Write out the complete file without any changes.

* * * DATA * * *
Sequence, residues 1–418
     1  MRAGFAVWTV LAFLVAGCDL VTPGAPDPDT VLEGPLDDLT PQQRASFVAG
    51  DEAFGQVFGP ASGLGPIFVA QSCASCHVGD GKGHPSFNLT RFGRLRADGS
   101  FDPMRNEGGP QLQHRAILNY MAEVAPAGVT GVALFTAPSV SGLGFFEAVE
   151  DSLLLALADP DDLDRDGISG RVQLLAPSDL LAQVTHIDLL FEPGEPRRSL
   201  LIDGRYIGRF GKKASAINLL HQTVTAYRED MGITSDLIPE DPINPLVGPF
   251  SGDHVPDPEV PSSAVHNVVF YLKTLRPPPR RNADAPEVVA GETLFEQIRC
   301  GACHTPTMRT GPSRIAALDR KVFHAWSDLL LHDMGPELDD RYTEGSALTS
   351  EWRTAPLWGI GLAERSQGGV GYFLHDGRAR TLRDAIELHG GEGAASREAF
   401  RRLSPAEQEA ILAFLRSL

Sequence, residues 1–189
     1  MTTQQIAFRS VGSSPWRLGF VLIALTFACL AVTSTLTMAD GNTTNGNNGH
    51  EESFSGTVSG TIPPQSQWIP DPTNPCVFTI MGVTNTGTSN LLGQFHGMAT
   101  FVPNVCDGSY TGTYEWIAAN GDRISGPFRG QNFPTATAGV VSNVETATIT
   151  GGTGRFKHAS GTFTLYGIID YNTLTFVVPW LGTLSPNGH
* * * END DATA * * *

Sequence, residues 1–418
     1  MRAGFAVWTV LAFLVAGCDL VTPGAPDPDT VLEGPLDDLT PQQRASFVAG
    51  DEAFGQVFGP ASGLGPIFVA QSCASCHVGD GKGHPSFNLT RFGRLRADGS
   101  FDPMRNEGGP QLQHRAILNY MAEVAPAGVT GVALFTAPSV SGLGFFEAVE
   151  DSLLLALADP DDLDRDGISG RVQLLAPSDL LAQVTHIDLL FEPGEPRRSL
   201  LIDGRYIGRF GKKASAINLL HQTVTAYRED MGITSDLIPE DPINPLVGPF
   251  SGDHVPDPEV PSSAVHNVVF YLKTLRPPPR RNADAPEVVA GETLFEQIRC
   301  GACHTPTMRT GPSRIAALDR KVFHAWSDLL LHDMGPELDD RYTEGSALTS
   351  EWRTAPLWGI GLAERSQGGV GYFLHDGRAR TLRDAIELHG GEGAASREAF
   401  RRLSPAEQEA ILAFLRSL

Sequence, residues 1–189
     1  MTTQQIAFRS VGSSPWRLGF VLIALTFACL AVTSTLTMAD GNTTNGNNGH
    51  EESFSGTVSG TIPPQSQWIP DPTNPCVFTI MGVTNTGTSN LLGQFHGMAT
   101  FVPNVCDGSY TGTYEWIAAN GDRISGPFRG QNFPTATAGV VSNVETATIT
   151  GGTGRFKHAS GTFTLYGIID YNTLTFVVPW LGTLSPNGH